1️⃣ Crises the NGO has already experienced can help adapt to today's conditions. For example, the pandemic and quarantine restrictions have challenged many public organizations. Humanitarian crises during covid and full-scale war have one thing in common — uncertainty. Remembering what helped your public organization work in conditions of uncertainty during the pandemic is the first step to resuming full-fledged work. If you have remembered even a few words, then you already have support on which your public organization can rely.
2️⃣ You should consider the following: What is the most critical value for the organization? What makes you keep working? What principles will you not give up under any circumstances? To keep teams motivated, you need to remind yourself of your mission — it's what people came together for and worked together for. Awareness of the mission gives a person the strength to live in unfavorable conditions.
3️⃣ Remind yourself that public organizations influence change and that the concrete results of their work inspire and motivate. These concepts will help public organizations to understand the situation where they find themselves in:
- "circle of worries," which includes phenomena that we cannot influence — uncontrollable events, disasters, war, force majeure;
- "circle of influence" — things or phenomena a public organization can control. This is information distributed by the organization, decisions made by management and membership, projects, and events.
Teams of public organizations focused on a circle of worries can quickly lose the meaning of their work. Such teams are more likely to feel helpless during a crisis. Teams focused on the circle of influence actively develop even under unfavorable external circumstances.
4️⃣ Answer: What can a public organization do to prevent helplessness and start moving out of the "circle of worries" into the "circle of influence"? The "Ways of the response of the public sector to social and humanitarian crises" course advises you to focus on actions that are already under your control. This arrangement brings order to various activities of the public organization and step-by-step planning.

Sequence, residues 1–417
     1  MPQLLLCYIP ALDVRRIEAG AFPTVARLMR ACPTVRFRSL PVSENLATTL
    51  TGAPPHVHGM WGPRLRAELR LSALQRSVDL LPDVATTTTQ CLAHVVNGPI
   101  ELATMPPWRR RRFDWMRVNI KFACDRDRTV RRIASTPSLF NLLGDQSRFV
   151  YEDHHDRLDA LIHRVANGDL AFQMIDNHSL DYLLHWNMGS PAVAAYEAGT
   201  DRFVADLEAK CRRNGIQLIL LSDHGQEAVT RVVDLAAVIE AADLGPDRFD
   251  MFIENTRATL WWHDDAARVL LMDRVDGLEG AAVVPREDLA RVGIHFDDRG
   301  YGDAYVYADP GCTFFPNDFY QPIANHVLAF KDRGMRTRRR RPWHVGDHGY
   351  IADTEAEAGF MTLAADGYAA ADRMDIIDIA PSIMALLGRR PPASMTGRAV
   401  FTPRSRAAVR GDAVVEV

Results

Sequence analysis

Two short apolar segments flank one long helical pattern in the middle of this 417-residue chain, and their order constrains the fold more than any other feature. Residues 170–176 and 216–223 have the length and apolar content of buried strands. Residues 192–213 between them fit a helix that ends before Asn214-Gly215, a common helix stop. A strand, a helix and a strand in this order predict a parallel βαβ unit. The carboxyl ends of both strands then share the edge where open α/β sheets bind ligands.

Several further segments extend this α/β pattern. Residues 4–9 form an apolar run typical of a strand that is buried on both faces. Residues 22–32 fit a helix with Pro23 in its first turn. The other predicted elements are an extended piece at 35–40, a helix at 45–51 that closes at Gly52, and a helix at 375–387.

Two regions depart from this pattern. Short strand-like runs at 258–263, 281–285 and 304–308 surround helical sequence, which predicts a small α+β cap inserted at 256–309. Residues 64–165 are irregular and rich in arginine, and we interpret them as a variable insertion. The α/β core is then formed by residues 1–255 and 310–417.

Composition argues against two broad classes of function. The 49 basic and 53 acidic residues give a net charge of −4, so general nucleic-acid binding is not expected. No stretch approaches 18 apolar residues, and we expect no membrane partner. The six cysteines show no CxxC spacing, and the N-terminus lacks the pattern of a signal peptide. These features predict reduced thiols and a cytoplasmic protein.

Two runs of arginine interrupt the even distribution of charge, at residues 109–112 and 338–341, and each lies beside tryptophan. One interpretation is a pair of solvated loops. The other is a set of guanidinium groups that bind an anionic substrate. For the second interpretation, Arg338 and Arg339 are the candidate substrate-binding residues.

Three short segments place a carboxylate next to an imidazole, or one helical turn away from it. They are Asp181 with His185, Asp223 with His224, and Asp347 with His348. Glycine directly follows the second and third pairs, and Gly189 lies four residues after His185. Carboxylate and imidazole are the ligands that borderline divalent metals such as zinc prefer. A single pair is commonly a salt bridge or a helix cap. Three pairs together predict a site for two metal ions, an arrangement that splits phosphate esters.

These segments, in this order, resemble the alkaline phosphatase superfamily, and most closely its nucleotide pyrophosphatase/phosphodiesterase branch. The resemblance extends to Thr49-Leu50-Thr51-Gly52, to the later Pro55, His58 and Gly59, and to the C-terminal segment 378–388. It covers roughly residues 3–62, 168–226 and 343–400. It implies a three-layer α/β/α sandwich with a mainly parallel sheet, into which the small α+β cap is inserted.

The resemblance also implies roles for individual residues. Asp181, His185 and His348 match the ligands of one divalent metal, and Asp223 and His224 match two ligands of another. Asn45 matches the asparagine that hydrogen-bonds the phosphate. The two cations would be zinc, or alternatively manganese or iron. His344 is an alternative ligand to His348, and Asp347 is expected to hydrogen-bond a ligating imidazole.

5️⃣ Relationships support a team with membership, donors, and partners in difficult times. During a crisis, relationships help in information exchange and provide support for the organization and its environment.
6️⃣ Remind yourself that periods of non-productivity do not mean you waste time. This is an excellent time to restore and accumulate resources. If you want to boost your and the team's energy, find something interesting and related to the mission and focus on it. Participation in professional training, communication with colleagues from other public organizations, new knowledge, and exciting forms of education can help here. All this can remind us about the organization's mission and form new exciting activities. Even the most minor actions that generate enthusiasm in the team will help reduce the impact of stress.
7️⃣ Beyond the reminder of mission and meaning, most people in crisis need space for exciting and helpful work, positive communication, and moral support. Even in crises, the team will work effectively if a public organization has such a space.
8️⃣ It is essential for NGOs to take care of clients but not to forget about themselves and restore their physical and psychological resources.
9️⃣ Many social programs have closed, but new programs have also appeared. That is why public organizations need to be in constant search of funding. And those NGOs that are just starting to work should not be afraid of defeat. Instead, they should know what their NGO is working for.
🔟 Helping other people is one of the best things to do in wartime. By helping others, public organizations help themselves at the same time. After all, during the war, they find spheres they can influence and control. Therefore, instead of feeling helpless, they acquire new knowledge and skills and develop and form effective behavior during a crisis, gaining skills and experience that they can use in the future.
You can find more helpful advice in the course "Ways of the response of the public sector to social and humanitarian crises." You can join on the website of the Parostok educational platform, Learn Accessibly, at the link.
The course is available for free.
In addition, on the organization's website, you can find two memos developed as part of the project for course participants:
- Regarding the improvement of the psycho-emotional state of CSO representatives with disabilities during the war
- And Regarding the continuation of the work of CSO representatives with disabilities during the war.
This article was created by the Rubryka online publication within the Ukraine Rapid Response Fund program, implemented by IREX with the support of the US State Department. The content is the sole responsibility of the Rubryka online publication and does not necessarily reflect the views of IREX or the US State Department.